Baseball Fan Jim Babwe’s email submission to Baseballisms.com reprinted with permission. Readers of this site will remember Jim’s personal account of witnessing Kirk Gibson’s dramatic home run in Game One of the 1988 World Series, and presented in the first Legendary Game that we highlighted when we launched in 2008.
Jim’s submission today reminds us that the continuity and timelessness of the game of baseball has healing characteristics. Thanks for sharing this with the Baseballisms community!
In the summer of 1976, Bob and I decided on a “Four Corners of the USA Tour.” We started in Pomona CA, drove to San Diego, made a major u-turn and drove to Seattle in my 1965 Volvo 122S. From Seattle, we drove to Cleveland, then to Maine.
We drove to Ohio and picked up Bob’s brother Bill, who rode with us to Florida. We took Bill back to Ohio, then we toured parts of Pennsylvania and New York. Cooperstown and the Baseball Hall of Fame was one of our stops.
We drove back to California and made it just in time for the start of Fall Quarter at Cal Poly. Barely. 8 weeks. 16,000 miles. 75 cents in car repairs.
I’m still good friends with Bob and his family.
Last year, Louise (Bob’s mom) had a stroke and Bob called me, brought me up to date, and I met him at a hospice in San Juan Capistrano.
When I arrived, Louise was in a coma, surrounded by a small group of family and friends. These people were solemn, tired, worn out, frustrated with feelings of loss and helplessness.
One of my favorite things about Louise was her laugh, so after looking around the room, understanding that there was nothing any of these people could do but stand around and wait, I walked up to Louise and on the off chance that she could hear and understand me, I put my hand on her shoulder and said hello.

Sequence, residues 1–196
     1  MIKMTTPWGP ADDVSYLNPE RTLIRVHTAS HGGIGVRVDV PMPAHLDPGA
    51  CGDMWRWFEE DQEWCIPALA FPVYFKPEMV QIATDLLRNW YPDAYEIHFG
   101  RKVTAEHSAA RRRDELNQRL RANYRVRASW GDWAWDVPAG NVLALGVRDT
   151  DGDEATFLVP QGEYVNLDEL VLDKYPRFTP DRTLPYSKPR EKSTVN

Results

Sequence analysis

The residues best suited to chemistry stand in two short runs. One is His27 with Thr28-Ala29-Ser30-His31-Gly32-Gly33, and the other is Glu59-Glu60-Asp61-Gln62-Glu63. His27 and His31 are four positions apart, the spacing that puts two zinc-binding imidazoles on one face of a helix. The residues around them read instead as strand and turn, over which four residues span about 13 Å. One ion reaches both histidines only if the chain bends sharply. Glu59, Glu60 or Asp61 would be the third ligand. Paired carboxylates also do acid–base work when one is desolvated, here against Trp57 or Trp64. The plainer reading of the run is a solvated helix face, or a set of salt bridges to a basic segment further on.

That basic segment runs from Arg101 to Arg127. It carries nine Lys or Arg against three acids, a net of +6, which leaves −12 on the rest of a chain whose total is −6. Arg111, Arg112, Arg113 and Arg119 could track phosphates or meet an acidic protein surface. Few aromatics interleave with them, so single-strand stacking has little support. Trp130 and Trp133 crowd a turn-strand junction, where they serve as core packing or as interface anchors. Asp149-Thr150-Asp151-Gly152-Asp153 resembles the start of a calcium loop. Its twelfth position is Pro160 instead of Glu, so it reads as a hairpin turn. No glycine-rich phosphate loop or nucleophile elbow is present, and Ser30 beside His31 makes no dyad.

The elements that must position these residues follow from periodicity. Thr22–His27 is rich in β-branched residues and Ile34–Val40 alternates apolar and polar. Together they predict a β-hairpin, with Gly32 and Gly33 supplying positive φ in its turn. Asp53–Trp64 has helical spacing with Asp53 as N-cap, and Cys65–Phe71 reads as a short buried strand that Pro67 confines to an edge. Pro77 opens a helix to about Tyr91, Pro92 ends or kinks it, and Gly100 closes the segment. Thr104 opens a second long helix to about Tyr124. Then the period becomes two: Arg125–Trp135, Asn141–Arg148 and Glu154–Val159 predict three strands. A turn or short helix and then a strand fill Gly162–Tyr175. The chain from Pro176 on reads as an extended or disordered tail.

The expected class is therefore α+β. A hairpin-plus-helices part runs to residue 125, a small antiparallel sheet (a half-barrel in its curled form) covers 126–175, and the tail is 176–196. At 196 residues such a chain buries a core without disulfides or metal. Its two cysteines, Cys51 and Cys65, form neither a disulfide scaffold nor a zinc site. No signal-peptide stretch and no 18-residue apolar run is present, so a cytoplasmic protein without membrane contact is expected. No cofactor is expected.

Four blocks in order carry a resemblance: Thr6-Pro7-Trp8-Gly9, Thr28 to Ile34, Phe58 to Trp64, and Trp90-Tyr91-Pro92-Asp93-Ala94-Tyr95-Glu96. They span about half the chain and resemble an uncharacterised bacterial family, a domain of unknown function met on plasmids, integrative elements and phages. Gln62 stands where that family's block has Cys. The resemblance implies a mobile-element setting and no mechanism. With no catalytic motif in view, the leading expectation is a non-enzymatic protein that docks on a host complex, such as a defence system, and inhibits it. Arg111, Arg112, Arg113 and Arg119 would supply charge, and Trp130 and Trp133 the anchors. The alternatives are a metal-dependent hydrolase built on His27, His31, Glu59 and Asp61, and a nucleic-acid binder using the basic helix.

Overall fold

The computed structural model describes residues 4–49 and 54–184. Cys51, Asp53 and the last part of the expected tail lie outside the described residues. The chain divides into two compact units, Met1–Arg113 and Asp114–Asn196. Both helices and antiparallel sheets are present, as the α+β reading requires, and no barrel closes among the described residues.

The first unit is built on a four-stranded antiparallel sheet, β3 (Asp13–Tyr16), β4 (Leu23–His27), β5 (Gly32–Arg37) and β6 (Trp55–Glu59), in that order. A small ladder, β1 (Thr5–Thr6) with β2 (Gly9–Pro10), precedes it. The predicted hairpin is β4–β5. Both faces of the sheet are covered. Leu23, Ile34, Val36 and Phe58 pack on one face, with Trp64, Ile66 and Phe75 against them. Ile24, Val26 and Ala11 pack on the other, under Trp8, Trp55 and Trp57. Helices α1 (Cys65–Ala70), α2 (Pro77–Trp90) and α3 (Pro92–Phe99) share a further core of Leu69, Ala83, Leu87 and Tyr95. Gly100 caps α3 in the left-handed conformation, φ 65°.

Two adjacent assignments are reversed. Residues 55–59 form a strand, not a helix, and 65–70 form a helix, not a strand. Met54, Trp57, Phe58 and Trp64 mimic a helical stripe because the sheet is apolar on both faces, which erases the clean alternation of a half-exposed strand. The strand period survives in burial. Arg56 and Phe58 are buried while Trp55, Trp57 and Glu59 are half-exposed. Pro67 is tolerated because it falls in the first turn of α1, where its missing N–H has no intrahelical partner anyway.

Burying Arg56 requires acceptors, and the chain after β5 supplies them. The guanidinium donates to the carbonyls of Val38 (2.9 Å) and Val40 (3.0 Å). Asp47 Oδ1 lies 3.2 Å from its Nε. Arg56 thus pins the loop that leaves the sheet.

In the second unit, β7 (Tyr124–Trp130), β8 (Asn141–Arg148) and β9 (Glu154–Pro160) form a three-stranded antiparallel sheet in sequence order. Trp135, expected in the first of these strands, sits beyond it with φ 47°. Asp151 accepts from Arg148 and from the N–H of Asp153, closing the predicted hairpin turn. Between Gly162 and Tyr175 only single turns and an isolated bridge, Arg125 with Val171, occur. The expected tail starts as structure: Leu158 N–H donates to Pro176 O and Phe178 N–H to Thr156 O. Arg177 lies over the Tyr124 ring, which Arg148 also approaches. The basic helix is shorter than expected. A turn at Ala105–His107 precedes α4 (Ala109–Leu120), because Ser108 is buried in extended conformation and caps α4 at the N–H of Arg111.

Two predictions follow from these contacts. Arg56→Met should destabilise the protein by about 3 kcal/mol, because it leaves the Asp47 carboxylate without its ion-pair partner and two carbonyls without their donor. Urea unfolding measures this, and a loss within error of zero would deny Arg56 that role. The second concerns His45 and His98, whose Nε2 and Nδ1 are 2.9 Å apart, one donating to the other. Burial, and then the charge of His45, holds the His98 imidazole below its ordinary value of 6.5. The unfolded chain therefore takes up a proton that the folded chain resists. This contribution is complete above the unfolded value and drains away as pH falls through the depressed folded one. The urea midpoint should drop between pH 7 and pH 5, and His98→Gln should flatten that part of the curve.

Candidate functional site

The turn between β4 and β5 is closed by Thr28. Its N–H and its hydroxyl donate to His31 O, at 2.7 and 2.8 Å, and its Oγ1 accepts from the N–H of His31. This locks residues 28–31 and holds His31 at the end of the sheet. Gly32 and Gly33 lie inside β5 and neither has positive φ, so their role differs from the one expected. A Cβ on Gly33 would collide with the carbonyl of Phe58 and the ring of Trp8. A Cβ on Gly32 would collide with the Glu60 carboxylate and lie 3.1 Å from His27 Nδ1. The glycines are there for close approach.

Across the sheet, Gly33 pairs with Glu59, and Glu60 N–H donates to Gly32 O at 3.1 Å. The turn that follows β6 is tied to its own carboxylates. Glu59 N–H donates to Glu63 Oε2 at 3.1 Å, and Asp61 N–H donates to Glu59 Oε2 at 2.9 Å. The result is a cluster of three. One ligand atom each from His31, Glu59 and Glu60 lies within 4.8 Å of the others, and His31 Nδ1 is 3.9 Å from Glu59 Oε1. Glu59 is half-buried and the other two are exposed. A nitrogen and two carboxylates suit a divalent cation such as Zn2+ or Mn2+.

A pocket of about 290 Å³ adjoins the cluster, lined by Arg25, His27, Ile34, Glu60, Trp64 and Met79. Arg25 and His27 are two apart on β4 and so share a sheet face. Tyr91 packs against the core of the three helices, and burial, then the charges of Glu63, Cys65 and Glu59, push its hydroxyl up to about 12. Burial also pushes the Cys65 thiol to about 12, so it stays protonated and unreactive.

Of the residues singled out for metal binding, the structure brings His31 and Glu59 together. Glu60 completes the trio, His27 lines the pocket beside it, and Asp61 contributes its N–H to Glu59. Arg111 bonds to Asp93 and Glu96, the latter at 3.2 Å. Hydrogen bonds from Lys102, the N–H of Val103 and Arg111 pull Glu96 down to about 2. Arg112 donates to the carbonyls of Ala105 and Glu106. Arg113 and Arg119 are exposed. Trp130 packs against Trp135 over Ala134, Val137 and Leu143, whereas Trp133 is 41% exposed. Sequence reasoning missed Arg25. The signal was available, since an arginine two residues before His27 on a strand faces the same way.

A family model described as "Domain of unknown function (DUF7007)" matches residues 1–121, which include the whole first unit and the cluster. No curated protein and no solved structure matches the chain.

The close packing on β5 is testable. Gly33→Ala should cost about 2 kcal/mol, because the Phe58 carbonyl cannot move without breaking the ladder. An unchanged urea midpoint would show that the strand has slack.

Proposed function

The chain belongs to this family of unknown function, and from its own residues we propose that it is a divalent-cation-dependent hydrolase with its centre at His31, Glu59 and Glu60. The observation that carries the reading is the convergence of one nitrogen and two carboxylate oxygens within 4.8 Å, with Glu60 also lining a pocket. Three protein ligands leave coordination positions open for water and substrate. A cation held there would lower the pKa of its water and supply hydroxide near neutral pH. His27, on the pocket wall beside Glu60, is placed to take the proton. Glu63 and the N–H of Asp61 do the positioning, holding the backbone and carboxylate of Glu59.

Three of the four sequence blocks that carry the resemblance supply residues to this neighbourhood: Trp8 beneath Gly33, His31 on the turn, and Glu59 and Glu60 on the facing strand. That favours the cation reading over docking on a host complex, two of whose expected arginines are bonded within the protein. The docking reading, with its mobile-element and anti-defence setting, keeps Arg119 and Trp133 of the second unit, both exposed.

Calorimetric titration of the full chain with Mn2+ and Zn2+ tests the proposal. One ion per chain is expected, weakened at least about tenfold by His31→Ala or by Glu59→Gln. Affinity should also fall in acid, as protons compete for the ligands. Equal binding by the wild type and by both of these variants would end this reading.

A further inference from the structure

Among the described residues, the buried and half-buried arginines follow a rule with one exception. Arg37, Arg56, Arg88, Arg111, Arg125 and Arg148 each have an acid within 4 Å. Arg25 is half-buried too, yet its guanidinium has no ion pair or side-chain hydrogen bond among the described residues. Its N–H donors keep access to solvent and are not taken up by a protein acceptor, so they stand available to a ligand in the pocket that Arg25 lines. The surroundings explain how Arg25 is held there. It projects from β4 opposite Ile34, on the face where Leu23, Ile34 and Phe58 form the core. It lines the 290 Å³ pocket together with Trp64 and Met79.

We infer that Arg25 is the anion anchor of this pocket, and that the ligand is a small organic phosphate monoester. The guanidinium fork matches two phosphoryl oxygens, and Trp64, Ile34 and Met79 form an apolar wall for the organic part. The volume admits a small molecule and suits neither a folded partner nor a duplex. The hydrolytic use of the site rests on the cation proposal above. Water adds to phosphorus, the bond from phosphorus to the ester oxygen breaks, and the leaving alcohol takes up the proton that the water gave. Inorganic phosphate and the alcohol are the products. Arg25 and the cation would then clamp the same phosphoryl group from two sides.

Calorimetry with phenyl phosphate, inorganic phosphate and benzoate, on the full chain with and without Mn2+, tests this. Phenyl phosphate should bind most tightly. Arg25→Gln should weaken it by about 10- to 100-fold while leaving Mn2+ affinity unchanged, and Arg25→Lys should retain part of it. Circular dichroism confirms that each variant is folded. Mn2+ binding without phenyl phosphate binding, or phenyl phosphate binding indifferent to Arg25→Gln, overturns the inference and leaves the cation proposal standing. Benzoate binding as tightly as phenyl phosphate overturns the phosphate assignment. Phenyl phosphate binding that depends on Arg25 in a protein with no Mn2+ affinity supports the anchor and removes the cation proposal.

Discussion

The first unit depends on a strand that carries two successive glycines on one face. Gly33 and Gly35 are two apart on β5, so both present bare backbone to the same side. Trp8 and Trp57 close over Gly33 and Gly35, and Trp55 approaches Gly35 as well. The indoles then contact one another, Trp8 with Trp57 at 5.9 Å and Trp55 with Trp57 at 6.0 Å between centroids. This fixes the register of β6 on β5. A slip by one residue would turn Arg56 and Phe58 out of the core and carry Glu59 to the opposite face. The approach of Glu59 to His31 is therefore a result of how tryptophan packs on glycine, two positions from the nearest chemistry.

I reminded her about how much both her son and I loved baseball and I said, “The Padres are playing the Mets in San Diego this afternoon and unless you object, I’m planning to take Bob to the game. I don’t want to make you angry, so if you don’t want me to take Bob to the game, say something. Let me know.”
There was an understandable mixture of emotions around the room, but when Louise did not object, I said, “I’ll take that as a yes. We’ll be back after the game.”
Knowing that there was nothing anyone could do to prevent the inevitable, I took Bob to the game that afternoon. The fresh air did him good.
After the game I took him back to the hospice, where his mom looked just as she did when we left.
Approximately 24 hours later, a truly great woman with great kids accepted another assignment and passed away.
The weird part? The game between the Padres and the Mets was the first baseball game that Bob and I attended together since World Series Game One in 1988.
Kirk Gibson’s legendary home run in the bottom of the ninth inning won the game for the Dodgers.
On June 2, 2010–over 21 years later–another left handed batter–Adrian Gonzalez, who was still a member of the Padres at the time, hit a game winning home run (this one was a grand slam) in the bottom of the 11th inning.
Not a World Series game.
Not even a playoff game.
Maybe the structure of baseball is sometimes responsible for reminding us to think about the overall structures of life. That’s how it worked for me and a friend that day.
Here’s a link to the box score: http://sports.yahoo.com/mlb/
July 26, 2011
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